Health Authorities in Crook County say a recent jump in meningococcal infections is now officially being considered an "outbreak" by the Centers for Disease Control. The determination was made after testing revealed recent cases were all of the same variety.
Crook county health authorities say they've confirmed 6 cases in the last 11 months.
Meningococcal disease is caused by a common bacteria that's spread through coughs and sneezes. Most of time, people exposed to this bug won't get sick. But in rare cases the bacteria can cause a type of meningitis, as well as a severe infection in the blood stream.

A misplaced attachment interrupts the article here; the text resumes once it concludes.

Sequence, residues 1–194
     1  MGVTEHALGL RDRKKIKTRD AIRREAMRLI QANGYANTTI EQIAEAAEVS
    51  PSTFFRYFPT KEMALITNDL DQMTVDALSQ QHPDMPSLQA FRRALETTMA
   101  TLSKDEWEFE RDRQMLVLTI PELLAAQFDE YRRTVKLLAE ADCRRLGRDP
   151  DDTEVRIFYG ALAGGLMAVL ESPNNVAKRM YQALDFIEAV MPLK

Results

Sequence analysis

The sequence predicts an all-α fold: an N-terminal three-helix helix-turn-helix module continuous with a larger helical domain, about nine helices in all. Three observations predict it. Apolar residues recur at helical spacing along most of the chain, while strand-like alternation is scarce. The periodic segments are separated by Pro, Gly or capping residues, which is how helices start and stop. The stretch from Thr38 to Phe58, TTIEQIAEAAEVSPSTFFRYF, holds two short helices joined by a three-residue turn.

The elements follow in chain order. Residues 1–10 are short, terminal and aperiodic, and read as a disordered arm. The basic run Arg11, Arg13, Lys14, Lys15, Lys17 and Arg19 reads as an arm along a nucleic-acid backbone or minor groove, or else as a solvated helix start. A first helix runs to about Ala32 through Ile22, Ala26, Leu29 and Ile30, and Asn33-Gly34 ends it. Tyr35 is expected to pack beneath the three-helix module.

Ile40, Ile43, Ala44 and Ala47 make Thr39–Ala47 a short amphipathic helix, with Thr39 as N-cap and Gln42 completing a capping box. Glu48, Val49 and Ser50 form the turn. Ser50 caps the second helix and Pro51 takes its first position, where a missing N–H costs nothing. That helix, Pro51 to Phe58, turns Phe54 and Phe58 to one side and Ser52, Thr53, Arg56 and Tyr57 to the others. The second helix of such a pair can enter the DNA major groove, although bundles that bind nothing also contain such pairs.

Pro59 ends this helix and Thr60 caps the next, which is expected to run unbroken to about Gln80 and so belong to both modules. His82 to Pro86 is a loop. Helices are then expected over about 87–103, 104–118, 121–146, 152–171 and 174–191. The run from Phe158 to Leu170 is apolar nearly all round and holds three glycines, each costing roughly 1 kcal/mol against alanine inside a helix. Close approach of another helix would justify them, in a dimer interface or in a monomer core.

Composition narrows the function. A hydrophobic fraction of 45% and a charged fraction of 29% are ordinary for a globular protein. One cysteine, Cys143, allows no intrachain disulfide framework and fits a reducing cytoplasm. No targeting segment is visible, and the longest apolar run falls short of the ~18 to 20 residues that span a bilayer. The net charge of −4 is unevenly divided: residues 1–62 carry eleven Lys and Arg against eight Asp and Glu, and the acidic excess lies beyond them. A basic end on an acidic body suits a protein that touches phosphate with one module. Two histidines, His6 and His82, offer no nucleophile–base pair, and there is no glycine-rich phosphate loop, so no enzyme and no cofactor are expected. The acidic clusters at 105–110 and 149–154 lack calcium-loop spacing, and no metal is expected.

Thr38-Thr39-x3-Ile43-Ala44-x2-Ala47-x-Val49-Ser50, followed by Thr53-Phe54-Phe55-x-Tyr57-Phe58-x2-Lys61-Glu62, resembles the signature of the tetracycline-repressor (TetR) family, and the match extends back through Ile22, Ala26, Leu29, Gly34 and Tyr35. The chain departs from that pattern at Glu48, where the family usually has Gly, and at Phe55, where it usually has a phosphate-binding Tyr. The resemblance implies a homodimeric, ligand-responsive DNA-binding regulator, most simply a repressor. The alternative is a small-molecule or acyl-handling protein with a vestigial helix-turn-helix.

Muriel DeLaVergne-Brown is Crook County's Public Heath Director. She says there are things you can do to lower your chances of getting sick - like hand washing, giving up smoking and not drinking out of a shared glass. But she says the best way to prevent the disease is through vaccination.
Typically, the meningococcal vaccine is recommended for kids ages 11 to 18.
But in light of the outbreak, DeLaVergne-Brown says health authorities in the area are broadening that recommendation to cover kids aged 9 months to 25 years old.
This story originally appeared on Oregon Public Broadcasting.